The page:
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In a drawing that stretches 35 feet long, B.C. artist Sarah Ronald has sketched a ghostly night-time universe. In this inky landscape — which is comprised of 14 connected scenes — nocturnal creatures come out to play: bats, coyotes, bears … and a garden gnome.

Let it be a reminder: there’s a whole world outside your window if you take the time to look. And from Ronald’s house in the Vancouver suburbs, all those animals (plus garden statuary) are a common sight.

“That panorama is about the [animal] activity that’s come and gone through my backyard,” says Ronald. And it appears in Territory, her current solo exhibition, which is on now at the Gibsons Art Gallery to Feb. 7. 

Installation view of Panorama, a 2020 drawing by Sarah Ronald, at the Gibsons Public Art Gallery. (Sarah Ronald)

The show includes paintings, animation and several more of her drawings — many rendered in white pencil crayon and pastel to mimic the eerie blur of animals caught on security cams. 

Animals have long been her favourite subject matter, and while researching another project several years ago, she was struck by the incredible wildlife footage that people were getting by rigging cameras in forests and front decks. She loved the blown-out, night-vision aesthetic. “It’s so dreamy and haunting,” says Ronald.

But another aspect was even more intriguing: there was something powerful about seeing an animal in such a candid way. “These [images] exist because we’re not there,” she says. “It really got me thinking about how to incorporate this into my work.”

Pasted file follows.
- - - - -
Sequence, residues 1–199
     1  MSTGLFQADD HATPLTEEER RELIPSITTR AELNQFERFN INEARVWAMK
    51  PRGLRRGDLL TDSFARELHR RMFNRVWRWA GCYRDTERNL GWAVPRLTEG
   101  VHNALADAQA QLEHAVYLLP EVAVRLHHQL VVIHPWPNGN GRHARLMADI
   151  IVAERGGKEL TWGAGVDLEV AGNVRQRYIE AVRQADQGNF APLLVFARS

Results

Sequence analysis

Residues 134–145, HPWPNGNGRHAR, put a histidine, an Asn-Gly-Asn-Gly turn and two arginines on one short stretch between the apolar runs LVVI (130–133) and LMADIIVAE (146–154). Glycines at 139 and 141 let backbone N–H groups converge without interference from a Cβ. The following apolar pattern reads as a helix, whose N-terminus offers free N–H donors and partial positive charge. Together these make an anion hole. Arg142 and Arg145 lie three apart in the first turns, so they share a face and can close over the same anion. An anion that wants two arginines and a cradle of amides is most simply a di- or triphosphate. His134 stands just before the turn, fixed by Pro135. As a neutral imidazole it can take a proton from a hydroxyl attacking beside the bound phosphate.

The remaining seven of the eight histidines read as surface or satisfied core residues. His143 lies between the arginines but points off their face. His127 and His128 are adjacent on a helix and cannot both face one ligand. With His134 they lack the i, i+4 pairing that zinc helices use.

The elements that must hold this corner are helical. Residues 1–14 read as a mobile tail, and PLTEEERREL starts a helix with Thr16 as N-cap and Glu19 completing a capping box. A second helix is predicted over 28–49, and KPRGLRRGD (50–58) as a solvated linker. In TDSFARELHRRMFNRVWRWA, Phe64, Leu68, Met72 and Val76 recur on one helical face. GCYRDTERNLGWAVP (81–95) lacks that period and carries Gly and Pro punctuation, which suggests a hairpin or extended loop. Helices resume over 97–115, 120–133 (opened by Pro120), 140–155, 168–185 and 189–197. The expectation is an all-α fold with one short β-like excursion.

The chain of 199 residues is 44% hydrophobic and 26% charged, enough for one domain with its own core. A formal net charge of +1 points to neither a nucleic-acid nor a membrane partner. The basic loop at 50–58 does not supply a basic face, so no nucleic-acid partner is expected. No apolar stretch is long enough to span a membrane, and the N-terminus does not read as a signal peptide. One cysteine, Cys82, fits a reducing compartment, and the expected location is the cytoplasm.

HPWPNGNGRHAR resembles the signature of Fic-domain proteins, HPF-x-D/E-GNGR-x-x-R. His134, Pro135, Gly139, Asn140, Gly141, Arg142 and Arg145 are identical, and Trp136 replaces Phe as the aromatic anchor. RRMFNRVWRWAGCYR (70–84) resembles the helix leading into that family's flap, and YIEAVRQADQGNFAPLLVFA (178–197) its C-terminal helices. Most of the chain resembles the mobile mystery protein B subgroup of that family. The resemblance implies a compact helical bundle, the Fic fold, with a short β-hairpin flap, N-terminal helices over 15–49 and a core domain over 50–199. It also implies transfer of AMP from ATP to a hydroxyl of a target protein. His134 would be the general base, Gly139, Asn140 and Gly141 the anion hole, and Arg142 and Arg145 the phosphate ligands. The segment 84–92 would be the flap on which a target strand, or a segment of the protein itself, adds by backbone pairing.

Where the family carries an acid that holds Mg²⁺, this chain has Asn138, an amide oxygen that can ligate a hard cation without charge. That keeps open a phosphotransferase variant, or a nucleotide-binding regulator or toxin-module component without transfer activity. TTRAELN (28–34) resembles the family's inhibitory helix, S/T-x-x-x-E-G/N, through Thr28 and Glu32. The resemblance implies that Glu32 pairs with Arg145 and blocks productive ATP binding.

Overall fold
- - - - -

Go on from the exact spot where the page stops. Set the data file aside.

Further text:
Sometime in 2019, Ronald began mimicking the look of this found footage in her art. She has her own cameras installed outside her house, actually — though her home security system pre-dates this project. “I know there are a lot of critters out there,” she says, even though the yard itself is not especially big. She estimates it’s roughly 30 feet deep — so a little shorter than the panoramic drawing in Territory. But she’s observed a sort of “wildlife corridor” between her street and a townhouse complex up the hill. 

Sarah Ronald, Territory (XI). 2019. (Sarah Ronald)

“They travel through the neighbourhood behind my fence,” she says. “I’ll go out and see a coyote pop his head around. Or, more often, it’s raccoons. Sometimes I think the raccoons just come here to hang out,” she laughs. The cameras, she explains, just confirmed what she already knew — while capturing all the fauna-drama on video. And when she experiences a wildlife encounter — on camera, or in person — she says that’s usually her cue to hit the studio.